In past issues, we informed you of the current status of Ohio's public records law, and we discussed some of the specific circumstances where public records must be provided upon request. Within the next few months, a new public records law will place aditional burdens on public agencies, and in some cases, the new provisions will be very disturbing to public employees, particularly law enforcement officers.
Effective December 14, 1999, Am. Sub. SB 78 will modify Section 149.43 of the Ohio Revised Code as to how records may be requested from public agencies, and in what form those records must be distributed. In the past, a person requesting a public record could be required to appear at the public office that maintains such records in order to receive a copy. Under the new law, if a proper request is made, the public agency must send the record by regular U.S. mail, so long as the person requesting the record makes an advance payment of the "cost of postage and other supplies used in the mailing." 1 The public agency may adopt policies and procedures as to how those records will be transmitted, including a limitations on the number of records that can be requested in a single month for "commercial purposes" such as commercial mailing lists; however, once those policies and procedures have been adopted, the agency must scrupulously follow them and transmit the requested records within a reasonable period of time. 2
Mail requests present a particularly thorny issue in cases of prison inmates. Felony prisoners are notorious for filing legal pleadings during their whole term of incarceration, and many pleadings include requests for public records which the inmates hope will support their claims. Such requests usually contain demands for court records and reports of the law enforcement agencies that investigated their cases. The new law does provide some protection against unreasonable requests by requiring that the sentencing judge, or the judge's successor, "find that the information sought in the public record is necessary to support what appears to be a justiciable claim." 3 However, once the judge decides that the inmate's claim deserves consideration, court clerks and police records officers will be required to mail the requested records directly to the inmate at the correctional institution.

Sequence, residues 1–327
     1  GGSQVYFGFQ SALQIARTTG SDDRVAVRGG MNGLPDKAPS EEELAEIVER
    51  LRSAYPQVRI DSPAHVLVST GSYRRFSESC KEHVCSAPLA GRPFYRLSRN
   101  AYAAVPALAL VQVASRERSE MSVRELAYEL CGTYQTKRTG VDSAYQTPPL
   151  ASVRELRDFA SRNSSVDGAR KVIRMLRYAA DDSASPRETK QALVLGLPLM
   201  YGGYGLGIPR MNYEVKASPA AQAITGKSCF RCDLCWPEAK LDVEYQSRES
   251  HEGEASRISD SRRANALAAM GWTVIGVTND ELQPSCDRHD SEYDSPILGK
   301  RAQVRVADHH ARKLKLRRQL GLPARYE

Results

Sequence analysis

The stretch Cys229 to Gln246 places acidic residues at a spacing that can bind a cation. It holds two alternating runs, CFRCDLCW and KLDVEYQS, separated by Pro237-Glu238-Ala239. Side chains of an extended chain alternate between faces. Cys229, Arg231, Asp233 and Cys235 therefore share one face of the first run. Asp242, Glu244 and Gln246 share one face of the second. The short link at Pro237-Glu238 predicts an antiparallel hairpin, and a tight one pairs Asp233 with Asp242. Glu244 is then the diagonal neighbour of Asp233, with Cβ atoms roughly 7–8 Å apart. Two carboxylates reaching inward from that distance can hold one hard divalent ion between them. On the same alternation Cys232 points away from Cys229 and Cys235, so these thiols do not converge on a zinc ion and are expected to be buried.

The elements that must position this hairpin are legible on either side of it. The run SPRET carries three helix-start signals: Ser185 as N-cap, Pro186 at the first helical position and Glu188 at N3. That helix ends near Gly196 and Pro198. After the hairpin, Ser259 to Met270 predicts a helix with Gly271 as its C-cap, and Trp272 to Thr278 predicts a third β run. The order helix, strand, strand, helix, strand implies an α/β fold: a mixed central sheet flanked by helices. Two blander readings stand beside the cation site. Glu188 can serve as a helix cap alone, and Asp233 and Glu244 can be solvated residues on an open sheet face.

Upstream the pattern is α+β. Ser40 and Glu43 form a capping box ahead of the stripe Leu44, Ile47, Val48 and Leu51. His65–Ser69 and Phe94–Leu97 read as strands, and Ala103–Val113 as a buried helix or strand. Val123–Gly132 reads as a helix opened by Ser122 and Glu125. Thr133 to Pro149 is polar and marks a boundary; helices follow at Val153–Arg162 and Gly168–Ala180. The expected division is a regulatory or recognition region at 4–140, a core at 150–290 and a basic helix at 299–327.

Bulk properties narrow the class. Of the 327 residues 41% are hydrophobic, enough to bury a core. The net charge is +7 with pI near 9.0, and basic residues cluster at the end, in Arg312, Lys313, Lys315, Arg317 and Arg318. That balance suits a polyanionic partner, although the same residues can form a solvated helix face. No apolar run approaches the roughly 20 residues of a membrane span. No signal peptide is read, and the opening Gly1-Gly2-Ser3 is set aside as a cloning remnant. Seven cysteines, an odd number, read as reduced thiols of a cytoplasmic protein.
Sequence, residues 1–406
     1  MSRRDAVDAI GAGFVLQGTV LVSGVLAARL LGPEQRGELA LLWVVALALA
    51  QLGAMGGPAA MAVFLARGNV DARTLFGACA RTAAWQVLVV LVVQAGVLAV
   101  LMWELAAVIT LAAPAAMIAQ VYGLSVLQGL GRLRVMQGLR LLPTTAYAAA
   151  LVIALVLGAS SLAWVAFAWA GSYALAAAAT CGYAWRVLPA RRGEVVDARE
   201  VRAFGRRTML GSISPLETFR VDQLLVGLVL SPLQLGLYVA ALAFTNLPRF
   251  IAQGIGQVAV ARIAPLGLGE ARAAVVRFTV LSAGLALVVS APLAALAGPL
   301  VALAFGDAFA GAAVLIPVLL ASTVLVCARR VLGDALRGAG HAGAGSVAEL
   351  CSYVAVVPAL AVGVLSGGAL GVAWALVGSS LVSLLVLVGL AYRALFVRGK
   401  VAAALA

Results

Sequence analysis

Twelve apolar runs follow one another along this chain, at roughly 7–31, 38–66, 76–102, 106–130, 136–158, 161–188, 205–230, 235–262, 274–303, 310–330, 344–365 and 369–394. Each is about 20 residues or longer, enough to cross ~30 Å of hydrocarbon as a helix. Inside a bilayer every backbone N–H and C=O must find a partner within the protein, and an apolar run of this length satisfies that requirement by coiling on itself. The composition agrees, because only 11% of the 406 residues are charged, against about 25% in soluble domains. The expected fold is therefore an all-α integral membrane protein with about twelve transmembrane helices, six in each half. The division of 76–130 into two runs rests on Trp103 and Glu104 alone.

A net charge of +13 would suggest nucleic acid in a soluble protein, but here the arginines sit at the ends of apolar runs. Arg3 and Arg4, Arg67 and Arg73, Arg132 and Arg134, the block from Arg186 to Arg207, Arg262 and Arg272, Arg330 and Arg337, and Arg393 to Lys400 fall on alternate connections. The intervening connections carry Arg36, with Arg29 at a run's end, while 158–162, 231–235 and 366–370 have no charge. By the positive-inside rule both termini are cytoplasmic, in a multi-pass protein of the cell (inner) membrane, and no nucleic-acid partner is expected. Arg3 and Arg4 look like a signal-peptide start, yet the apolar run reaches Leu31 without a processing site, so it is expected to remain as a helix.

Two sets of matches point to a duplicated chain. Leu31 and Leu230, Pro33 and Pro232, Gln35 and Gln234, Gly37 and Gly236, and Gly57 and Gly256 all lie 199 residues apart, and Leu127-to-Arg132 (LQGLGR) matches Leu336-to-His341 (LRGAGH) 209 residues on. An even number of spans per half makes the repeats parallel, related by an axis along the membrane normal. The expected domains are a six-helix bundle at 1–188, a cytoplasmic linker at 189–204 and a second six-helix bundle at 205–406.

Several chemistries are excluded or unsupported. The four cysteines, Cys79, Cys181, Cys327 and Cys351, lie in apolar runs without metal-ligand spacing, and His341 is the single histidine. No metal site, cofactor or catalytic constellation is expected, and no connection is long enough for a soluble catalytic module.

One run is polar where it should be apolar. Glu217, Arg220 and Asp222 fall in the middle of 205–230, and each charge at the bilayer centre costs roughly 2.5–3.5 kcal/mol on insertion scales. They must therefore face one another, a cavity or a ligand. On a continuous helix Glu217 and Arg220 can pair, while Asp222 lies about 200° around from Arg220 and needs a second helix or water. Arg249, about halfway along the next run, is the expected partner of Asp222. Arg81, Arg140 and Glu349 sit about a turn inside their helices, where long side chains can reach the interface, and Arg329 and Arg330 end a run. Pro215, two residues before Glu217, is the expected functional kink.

Another new provision regards the form in which records can be requested. If records are kept in an electronic format, such as computer data files, they can be specifically requested in that format. The person requesting the public record will be able "to choose to have the public record duplicated on paper, upon the same medium upon which the public office or person responsible for the public record keeps it, or upon any other medium which *** it can reasonably be duplicated as an integral part of the normal operations[.]" 4 Simply put, if someone asks for a record in a specific electronic format, and if the public office keeps the record in that format or in a manner which can reasonably be duplicated in that format, then the record must be provided in that way. This provision may benefit both the public office and the person requesting the record, since it avoids the need to produce numerous paper copies of data; it will also allow for the duplication of records which are not readily reproduced by photocopying, such as color digital images. Nevertheless, a question remains as to whether this provision applies only to data, or whether it also applies to programs which have been created by the public agency to process the data handled by that agency.
Finally, the new law adds a provision which is intended to protect police officers, but which may prove to be easily avoided and very distressing. One of the exemptions from the definition of "public records" is "peace officer residential and familial information," which includes a peace officer's:
Despite this exemption, a journalist may obtain the home address of a peace officer, and the name and address of the employer of spouses, former spouses, or children who are employed by a public office, simply by providing a request with the journalist's name and title, and the name and address of the journalist's employer, along with a statement that "disclosure of the information sought would be in the public interest." 6 We find it rather difficult to imagine circumstances where it would be "in the public interest" to publish a peace officer's home address, but that provision exists under the new law, and it does not appear to be subject to immediate judicial review if such a request is made.
Like it or not, this new law will go into effect before the year's end. Our best advice to public agencies? Be prepared.
1 R.C. 149.43(B)(3).
2 R.C. 149.43(B)(3).
3 R.C. 149.43(B)(4).
4 R.C. 149.43(B)(2).
5 R.C. 149.43(A)(1)(p),(q)(7).
6 R.C. 149.43(B)(5).